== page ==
By: Arend J. Abel, Attorney
You may remember just over a year ago when a partner in Barnes & Thornburg’s Chicago office was sanctioned for live-tweeting a trial. That event makes all the more surprising an Ethics Opinion that the Indiana Commission on Judicial Qualifications issued last month. According to the Commission, live-tweeting a trial does not amount to “Broadcasting,” which is barred by Rule 2.17 of the Code of Judicial Conduct, except in very narrow circumstances or with prior permission of the Supreme Court.
by: Jonathan Knoll, Attorney
On January 10, 2013, the United States Court of Appeals for the Ninth Circuit sitting en banc found that the Medical Device Amendments (MDA) to the Food, Drug, and Cosmetic Act (“FDCA”) did not preempt a plaintiff’s state-law failure to warn claim when the state-law duty “parallels” a manufacturer’s duty under federal law. In doing so, the Ninth Circuit reversed an earlier decision by a panel of the Court that had upheld the district court’s holding that the plaintiff’s claims were preempted by the MDA.
by: Edward B. Mulligan V , Attorney
On Friday August 10, 2012, the United States Court of Appeals for the Sixth Circuit overturned a district court’s decision to dismiss the claims filed by Rachel Krumpelbeck in a product liability suit against Breg, Inc., a manufacturer of pain pumps and other medical devices.
Like hundreds of others in the pain pump litigation, Ms. Krumpelbeck’s claims arose out of her use of Breg pain pump following arthroscopic surgery. Ms. Krumpelbeck’s surgery occurred in March 2005, when she was just seventeen. Pain pumps were designed–as an alternative to conventional narcotics–to manage post-operative pain by continuously injecting local anesthetic directly into a patient’s shoulder joint.
by: Daniel M. Witte, Attorney
We’ve all done it before – given a hand-signal to a driver in another car – at intersections, in parking lots, etc. But what does it mean if a collision would then result, could you then be responsible for the collision, at least in part, because of your “wave”? Our Indiana Court of Appeals recently looked at that question and answered, under the specific facts of the case before it, that yes, you can have fault for a collision as a result of a hand-signal to another driver. This decision creates new Indiana law.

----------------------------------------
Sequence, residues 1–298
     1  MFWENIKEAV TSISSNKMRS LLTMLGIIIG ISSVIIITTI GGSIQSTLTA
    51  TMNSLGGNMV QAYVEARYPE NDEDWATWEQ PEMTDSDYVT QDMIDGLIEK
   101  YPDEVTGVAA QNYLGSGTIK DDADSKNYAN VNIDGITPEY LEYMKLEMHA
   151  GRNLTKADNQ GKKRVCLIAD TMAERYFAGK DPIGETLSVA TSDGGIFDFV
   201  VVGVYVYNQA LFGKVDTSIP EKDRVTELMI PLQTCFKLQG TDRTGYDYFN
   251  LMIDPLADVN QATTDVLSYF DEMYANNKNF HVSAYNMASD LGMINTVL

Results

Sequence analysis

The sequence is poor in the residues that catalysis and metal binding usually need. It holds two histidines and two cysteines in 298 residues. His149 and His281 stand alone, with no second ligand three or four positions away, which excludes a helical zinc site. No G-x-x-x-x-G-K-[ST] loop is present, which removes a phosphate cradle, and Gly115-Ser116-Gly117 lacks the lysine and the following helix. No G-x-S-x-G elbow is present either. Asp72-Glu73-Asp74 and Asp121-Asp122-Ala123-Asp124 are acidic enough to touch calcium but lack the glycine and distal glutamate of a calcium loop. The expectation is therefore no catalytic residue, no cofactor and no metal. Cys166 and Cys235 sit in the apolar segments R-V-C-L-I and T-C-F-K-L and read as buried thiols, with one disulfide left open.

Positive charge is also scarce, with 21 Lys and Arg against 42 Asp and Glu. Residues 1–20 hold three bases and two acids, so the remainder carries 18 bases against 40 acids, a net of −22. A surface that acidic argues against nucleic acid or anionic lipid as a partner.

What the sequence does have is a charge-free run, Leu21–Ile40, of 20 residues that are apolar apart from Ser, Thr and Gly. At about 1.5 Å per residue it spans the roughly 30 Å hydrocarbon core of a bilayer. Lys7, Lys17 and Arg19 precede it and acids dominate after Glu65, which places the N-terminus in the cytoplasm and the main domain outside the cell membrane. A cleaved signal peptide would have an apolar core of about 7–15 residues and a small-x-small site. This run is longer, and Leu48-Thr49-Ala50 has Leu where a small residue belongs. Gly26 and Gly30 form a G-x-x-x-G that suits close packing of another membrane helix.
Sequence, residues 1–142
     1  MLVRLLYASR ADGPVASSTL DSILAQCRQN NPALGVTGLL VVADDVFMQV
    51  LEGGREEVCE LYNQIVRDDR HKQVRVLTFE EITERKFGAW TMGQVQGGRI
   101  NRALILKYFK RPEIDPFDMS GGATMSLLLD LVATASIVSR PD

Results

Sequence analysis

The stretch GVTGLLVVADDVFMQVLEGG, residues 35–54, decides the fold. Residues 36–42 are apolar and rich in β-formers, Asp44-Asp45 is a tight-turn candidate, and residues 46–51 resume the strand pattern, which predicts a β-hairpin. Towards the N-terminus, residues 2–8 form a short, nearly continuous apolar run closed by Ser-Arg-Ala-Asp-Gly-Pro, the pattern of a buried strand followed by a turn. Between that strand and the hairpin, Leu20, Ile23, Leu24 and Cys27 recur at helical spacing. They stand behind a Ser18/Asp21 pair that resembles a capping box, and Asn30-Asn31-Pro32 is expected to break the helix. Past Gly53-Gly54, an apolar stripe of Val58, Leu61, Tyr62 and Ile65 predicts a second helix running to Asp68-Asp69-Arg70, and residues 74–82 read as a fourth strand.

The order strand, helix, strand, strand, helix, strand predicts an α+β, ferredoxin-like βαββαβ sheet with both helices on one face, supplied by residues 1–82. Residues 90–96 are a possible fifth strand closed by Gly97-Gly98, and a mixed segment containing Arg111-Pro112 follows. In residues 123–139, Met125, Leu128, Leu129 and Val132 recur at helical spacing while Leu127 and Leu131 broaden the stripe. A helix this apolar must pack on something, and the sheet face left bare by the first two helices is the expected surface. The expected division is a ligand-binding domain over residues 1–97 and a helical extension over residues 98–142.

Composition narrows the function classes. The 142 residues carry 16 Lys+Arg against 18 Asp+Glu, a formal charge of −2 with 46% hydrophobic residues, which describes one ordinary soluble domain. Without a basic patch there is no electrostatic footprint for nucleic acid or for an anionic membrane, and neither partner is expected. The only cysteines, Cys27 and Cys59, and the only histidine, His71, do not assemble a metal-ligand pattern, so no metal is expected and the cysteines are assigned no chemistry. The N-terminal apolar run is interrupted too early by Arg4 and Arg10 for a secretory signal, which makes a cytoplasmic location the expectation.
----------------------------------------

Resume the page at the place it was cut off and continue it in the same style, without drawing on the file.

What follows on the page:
by: David J. Cutshaw, Attorney
Is a doctor responsible for a motorist’s injuries when he or she fails to warn his patient that the medications he is giving the patient may cause the patient to black out while driving an automobile? The answer to that question was discussed by the Indiana Court of Appeals in the case of Manley v. Sherer, 960 N.E. 2d 815 (Ind. Ct. App. 2011).
by: David J. Cutshaw, Attorney
In an interesting case, the Indiana Court of Appeals recently ruled that adoptive parents could proceed with a medical malpractice case against a hospital for misrepresenting the health of a child the couple sought to adopt. In Jeffrey v. Methodist Hospital, adoptive parents asked the hospital for the health records of an infant to see if the infant had any major medical problems before they decided to adopt the infant. The hospital “neglected” to provide the adoptive parents and their attorneys with a sonogram report that showed the infant had a hole in his brain which was indicative of severe developmental issues.
by: Arend J. Abel, Attorney
On February 10, the Indiana Court of Appeals issued an opinion that has the potential to remake summary judgment procedure in the Indiana state courts. The opinion, Commissioner of the Indiana Department of Insurance v. Estate of Black, No. 64A05-1104-CT-240, holds that a party moving for summary judgment is not required to negate an element of the opponent’s case, but can simply assert that the opponent does not have enough evidence to create a jury question on one or more elements. That holding appears to conflict with the decision of the Indiana Supreme Court in Jarboe v. Landmark Cmty. Newspapers of Indiana, Inc., 644 N.E.2d 118 (Ind. 1994), and review of the issue by the Indiana Supreme Court on transfer, either in Black or in another case now seems highly likely.
by:David Cutshaw, Attorney
The Indiana Court of Appeals recently ruled that a plaintiff in a medical malpractice case can have a hearing to determine whether the Indiana cap on medical malpractice damages is unconstitutional. In Plank v. Community Hospital, the plaintiff obtained a jury verdict of $8.5 million relative to the death of his wife who died when the defendant doctors failed to diagnose a bowel obstruction. The obstruction caused the bowel to leak into the patient’s abdominal cavity causing a deadly infection. The Indiana Medical Malpractice act limits damages to $1.25 million; so the trial judge reduced the $8.5 million verdict to $1.25 million.